Just before sunset, work up an appetite by walking (two hours) or biking (one hour) around Stanley Park's Seawall, a 6-mile (10-km) loop around a 400-hectare natural West Coast rainforest with views over the city. Time your walk to hit the midpoint at Siwash Rock and Third Beach for the best spot to watch the sun dip below the horizon.

Recommended activities:

  • Bard on the Beach. Catch a Shakespeare play in beautiful Vanier Park overlooking the city.
  • Science World. Witness the wonderful world of science with hands-on displays in a 17-story geodesic-shaped dome (great for kids).
  • Vancouver Aquarium. Learn about Pacific Canada's sea life at Canada's largest aquarium in Stanley Park.
  • VanDusen Botanical Garden. Get lost in an Elizabethan hedge maze in this popular botanical garden.

Day 3: Sea-to-Sky Highway to Whistler

Morning light over Squamish, one of British Columbia's most popular rock climbing destinations
Morning light over Squamish, one of British Columbia's most popular rock climbing destinations

Collect your rental car (keeping in mind Vancouver's rush hour is from 8-9 am) and begin your road trip north to Whistler along the Sea-to-Sky Highway, one of British Columbia's most iconic drives. A scenic route between the ocean and mountains, there are several great places to stop to break up the short drive.

Halfway to Whistler—and where the ocean, river, and alpine forest meet—there's Squamish, an access point for outdoor activities and adventure. Just before reaching Squamish, you can see the area's most famous peak from the highway, the Chief, a sheer granite rockface popular with skilled climbers. Pick up the Stawamus Chief Trail for a hike up the back to reach the summit (divided into three peaks and graded as an intermediate hike, it takes the average person 3-4 hours to reach the first—and most visited—summit). Or, take the Sea-to-Sky Gondola up the mountain for excellent views of Howe Sound from Summit Lodge at the top where you can also grab lunch.

You'll reach Whistler, an upscale, chalet-style pedestrian village (and venue for the 2010 Vancouver Winter Olympics) in the early to mid-afternoon. Whistler is North America's largest winter sports resort worth a visit at any time of year. The village is built around Whistler-Blackcomb, twin peaks accessed by an ultramodern lift system that provides opportunities to hike, bike, canoe, kayak, rock climb, or zip-line in warmer months and ski or snowboard in the winter.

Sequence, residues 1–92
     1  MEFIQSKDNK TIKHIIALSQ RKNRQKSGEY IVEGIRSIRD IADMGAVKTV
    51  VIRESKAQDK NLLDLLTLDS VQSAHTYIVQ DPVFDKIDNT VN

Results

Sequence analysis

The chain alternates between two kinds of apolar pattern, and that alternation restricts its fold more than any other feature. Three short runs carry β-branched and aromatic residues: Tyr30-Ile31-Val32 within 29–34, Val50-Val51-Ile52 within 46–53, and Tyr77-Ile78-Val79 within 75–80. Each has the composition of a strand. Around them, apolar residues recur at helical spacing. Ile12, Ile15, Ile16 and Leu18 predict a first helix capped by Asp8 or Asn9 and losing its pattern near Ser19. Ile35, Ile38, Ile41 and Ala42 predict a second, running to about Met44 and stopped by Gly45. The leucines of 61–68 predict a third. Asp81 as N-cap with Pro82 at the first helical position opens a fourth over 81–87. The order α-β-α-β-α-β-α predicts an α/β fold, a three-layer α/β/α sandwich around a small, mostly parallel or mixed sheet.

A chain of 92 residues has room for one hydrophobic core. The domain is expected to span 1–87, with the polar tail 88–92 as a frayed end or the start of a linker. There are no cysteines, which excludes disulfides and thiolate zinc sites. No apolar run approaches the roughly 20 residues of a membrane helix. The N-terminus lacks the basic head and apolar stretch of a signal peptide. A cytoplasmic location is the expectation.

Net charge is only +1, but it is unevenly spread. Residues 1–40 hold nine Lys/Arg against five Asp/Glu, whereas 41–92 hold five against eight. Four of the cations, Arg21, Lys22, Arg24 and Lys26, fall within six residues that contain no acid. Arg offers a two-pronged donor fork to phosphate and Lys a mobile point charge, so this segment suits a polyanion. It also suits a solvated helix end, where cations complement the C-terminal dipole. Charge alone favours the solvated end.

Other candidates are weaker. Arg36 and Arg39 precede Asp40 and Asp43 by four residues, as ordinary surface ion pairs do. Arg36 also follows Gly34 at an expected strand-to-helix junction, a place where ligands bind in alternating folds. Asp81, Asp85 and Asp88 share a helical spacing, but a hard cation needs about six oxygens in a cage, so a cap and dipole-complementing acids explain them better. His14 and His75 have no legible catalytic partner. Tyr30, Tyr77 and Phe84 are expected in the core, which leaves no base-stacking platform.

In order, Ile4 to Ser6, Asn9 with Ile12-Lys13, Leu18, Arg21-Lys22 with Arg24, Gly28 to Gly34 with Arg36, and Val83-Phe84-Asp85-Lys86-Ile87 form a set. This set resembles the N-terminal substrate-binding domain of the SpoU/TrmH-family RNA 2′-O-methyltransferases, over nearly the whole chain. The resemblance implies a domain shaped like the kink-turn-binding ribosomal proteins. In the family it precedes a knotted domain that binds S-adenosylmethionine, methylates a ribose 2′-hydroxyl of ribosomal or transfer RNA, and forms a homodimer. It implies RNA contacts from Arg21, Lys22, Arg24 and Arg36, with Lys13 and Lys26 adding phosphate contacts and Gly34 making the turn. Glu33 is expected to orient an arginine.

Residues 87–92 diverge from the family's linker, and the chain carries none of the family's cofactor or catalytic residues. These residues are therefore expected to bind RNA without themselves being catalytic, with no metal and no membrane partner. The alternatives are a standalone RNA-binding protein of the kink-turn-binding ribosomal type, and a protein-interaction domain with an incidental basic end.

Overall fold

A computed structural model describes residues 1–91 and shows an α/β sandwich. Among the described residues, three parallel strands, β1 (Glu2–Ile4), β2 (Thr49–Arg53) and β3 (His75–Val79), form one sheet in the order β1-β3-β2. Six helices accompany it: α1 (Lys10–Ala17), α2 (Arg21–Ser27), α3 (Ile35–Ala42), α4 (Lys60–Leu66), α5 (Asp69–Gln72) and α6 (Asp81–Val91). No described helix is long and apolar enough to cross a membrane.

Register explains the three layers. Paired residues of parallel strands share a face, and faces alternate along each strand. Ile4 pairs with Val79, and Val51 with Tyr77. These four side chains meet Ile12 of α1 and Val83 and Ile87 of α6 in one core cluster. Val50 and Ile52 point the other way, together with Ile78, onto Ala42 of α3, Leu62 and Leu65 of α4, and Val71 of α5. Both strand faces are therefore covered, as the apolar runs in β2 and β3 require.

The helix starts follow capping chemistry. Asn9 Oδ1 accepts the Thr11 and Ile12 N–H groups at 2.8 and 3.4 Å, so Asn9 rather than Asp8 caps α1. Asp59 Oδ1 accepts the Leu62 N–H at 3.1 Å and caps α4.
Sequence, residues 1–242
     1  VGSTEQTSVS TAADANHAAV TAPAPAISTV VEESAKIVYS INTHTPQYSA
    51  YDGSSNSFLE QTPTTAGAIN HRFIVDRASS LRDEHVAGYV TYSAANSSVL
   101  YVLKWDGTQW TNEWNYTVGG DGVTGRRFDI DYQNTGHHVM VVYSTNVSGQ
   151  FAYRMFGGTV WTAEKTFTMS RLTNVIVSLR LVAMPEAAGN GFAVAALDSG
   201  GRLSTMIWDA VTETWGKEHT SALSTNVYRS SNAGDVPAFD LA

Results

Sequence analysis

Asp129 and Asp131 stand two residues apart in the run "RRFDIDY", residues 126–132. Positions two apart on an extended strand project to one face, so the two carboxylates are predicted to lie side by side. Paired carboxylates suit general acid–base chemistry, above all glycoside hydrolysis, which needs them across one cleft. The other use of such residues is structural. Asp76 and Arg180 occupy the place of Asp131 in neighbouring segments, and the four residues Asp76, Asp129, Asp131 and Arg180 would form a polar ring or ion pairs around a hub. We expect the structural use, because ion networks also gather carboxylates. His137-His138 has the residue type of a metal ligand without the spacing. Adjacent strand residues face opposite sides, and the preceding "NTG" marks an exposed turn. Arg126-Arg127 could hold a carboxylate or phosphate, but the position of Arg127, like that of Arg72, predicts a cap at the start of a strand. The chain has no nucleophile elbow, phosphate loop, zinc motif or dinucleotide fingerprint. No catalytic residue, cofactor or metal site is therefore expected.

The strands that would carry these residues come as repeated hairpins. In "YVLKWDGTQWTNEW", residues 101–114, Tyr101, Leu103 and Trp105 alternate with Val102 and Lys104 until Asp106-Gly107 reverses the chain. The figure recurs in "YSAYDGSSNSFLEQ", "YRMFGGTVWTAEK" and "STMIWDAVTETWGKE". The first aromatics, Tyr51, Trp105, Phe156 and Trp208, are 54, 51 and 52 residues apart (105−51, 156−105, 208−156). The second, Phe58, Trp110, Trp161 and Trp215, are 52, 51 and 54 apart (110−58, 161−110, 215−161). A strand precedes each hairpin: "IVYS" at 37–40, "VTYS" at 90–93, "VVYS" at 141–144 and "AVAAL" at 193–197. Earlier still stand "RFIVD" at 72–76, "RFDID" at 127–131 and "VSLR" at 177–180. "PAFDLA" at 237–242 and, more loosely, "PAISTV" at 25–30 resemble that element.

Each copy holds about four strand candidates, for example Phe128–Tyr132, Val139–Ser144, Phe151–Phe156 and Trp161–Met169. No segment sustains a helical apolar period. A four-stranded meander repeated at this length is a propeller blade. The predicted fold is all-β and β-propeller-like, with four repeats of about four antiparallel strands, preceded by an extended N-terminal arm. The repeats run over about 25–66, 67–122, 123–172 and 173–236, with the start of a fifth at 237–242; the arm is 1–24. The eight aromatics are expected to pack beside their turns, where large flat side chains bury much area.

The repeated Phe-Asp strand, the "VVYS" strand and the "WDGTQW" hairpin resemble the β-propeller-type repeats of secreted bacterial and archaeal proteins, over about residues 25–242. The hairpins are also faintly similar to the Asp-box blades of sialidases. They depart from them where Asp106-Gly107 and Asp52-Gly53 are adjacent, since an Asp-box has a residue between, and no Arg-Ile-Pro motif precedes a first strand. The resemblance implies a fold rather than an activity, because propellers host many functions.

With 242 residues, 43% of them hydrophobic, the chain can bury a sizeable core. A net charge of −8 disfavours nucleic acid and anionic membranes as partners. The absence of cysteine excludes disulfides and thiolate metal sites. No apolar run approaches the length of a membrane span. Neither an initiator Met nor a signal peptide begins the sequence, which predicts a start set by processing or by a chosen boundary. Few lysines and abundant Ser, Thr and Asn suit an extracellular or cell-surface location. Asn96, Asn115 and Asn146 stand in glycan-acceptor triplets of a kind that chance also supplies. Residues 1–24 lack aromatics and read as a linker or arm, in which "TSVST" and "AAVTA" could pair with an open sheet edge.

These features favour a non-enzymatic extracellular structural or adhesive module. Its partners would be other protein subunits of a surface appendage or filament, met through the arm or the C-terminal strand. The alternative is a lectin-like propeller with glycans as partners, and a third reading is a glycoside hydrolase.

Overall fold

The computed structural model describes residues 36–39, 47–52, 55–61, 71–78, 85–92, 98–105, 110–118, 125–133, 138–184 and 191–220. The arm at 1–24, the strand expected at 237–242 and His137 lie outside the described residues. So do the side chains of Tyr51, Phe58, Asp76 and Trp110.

From Whistler Village, take the Peak 2 Peak Gondola up the mountain for an afternoon adventure. You can hike through the high alpine to Harmony Lake (1.6 miles / 2.5 km from the top of the gondola) or touch the toe of a small glacier on a similarly lengthed trek. For something unique, rent a pair of snowshoes to explore areas covered in year-round snow. Alternatively, there are hiking trails you can take from the village itself. Follow the Valley Trail to Lost Lake, where you can take a dip or enjoy a picnic in the summer months or cross-country ski along its shoreline in the winter. 

If you're looking for something more relaxing, spend the afternoon exploring the village: people-watching from an outdoor café, hitting one of the great spas, such as Scandinave, visiting the Whistler Museum, or doing a little shopping. And if you arrive before 4 pm, head over to the Squamish Lil'wat Cultural Center to sample First Nations cuisine and visit one of Whistler's best gift shops.

Recommended stops and activities:

  • Shannon Falls. Stroll the short trail to British Columbia's third-highest waterfall at 1,099 feet (335 m)
  • Brackendale Eagles Provincial Park. Home to one of North America's largest eagle populations
  • Brandywine Falls Provincial Park. Stand atop a 230-foot (70-m) waterfall and hike a 4-mile (7-km) circuit through dense forest and ancient lava beds to Cal-Cheak Suspension Bridge.

Driving time (Vancouver to Whistler): 2 hours (75 miles /120 km)

Day 4: Drive & Ferry from Whistler to Parksville on Vancouver Island

Ferries pass Horseshoe Bay's Whytecliff Park en route to Nanaimo
Ferries pass Horseshoe Bay's Whytecliff Park en route to Nanaimo